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Juvenile crimes in Pune : Missing playgrounds to blame

Friday, 28 March 2014 - 7:48am IST | Place: Pune | Agency: dna

NGOs launch year-long drive to ensure protection from encroachers
  • playground representational image of a school playground.

Pune: The advisory committee of Dnyana Devi Childline, a city-based NGO, has held lack of time and play areas responsible for the rising number of juvenile delinquency cases and addictions among children. It has launched a year-long campaign along with a few child rights NGOs to reclaim children’s right to play to mark its 13th anniversary recently.
The campaign ‘Save playgrounds, Save hills to Save children’ will ensure protection of playgrounds from encroachers and see participation of different schools and children during the drive.
Executive director of Childline, Dr Anuradha Sahastrabuddhe, said that in today’s scenario there are no playgrounds in schools and housing societies for children. “There is a dearth of playgrounds in the city which is why kids are forced to play games on computers and mobile phones. These games are not suitable for children as they are full of violence. This is making them aggressive as they are not able to utilise their energy. While playing on Internet, most of the times they come across porn videos and other objectionable contents. Out of curiosity they go through these sites and get addicted to them. There are cases where children were caught uploading nude pictures and videos,” said Sahastrabuddhe.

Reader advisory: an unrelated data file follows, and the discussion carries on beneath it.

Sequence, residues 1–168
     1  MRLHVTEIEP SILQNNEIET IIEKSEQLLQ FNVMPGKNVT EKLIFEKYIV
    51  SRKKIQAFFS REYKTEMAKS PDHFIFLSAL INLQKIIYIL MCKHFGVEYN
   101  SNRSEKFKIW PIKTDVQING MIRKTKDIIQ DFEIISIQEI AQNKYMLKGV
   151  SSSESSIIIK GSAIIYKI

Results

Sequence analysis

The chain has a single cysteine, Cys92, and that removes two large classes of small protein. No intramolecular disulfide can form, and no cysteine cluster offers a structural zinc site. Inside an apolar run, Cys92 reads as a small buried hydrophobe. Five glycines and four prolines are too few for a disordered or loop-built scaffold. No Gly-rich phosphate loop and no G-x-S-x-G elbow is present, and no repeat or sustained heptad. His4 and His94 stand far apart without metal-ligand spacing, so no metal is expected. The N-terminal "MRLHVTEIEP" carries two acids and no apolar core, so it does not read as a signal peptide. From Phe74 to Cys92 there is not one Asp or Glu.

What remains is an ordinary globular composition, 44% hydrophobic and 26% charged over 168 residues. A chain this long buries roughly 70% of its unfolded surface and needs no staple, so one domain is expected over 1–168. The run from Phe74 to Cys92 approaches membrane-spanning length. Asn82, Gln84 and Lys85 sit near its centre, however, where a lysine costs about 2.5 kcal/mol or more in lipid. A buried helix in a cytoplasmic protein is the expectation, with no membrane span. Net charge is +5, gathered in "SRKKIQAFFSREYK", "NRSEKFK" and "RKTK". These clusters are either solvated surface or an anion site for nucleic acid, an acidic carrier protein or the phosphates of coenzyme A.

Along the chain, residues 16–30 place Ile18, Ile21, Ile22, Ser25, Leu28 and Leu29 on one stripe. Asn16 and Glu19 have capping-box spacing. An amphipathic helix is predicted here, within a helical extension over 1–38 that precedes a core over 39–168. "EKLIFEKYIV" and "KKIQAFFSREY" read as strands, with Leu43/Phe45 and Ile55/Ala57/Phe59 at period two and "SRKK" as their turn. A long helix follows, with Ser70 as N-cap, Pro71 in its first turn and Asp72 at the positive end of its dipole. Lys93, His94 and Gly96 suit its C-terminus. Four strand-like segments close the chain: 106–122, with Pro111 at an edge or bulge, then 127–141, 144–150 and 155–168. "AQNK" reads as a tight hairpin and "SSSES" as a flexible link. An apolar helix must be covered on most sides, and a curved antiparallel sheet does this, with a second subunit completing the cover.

About the campaign
Explaining the nature of campaign, Sahastrabuddhe said that they would procure a list of available open spaces and playgrounds in the PMC and PCMC limits. They would also seek assurances from political parties to protect the grounds besides ensuring that there is no construction in these areas.
“We would approach the schools to reintroduce physical training classes, have periods for outdoor sports besides promoting activities like trekking, cycling etc. We would also launch an awareness campaign to sensitise parents about importance of play in a child’s life,” said Garware Balbhavan director Shobha Bhagwat.

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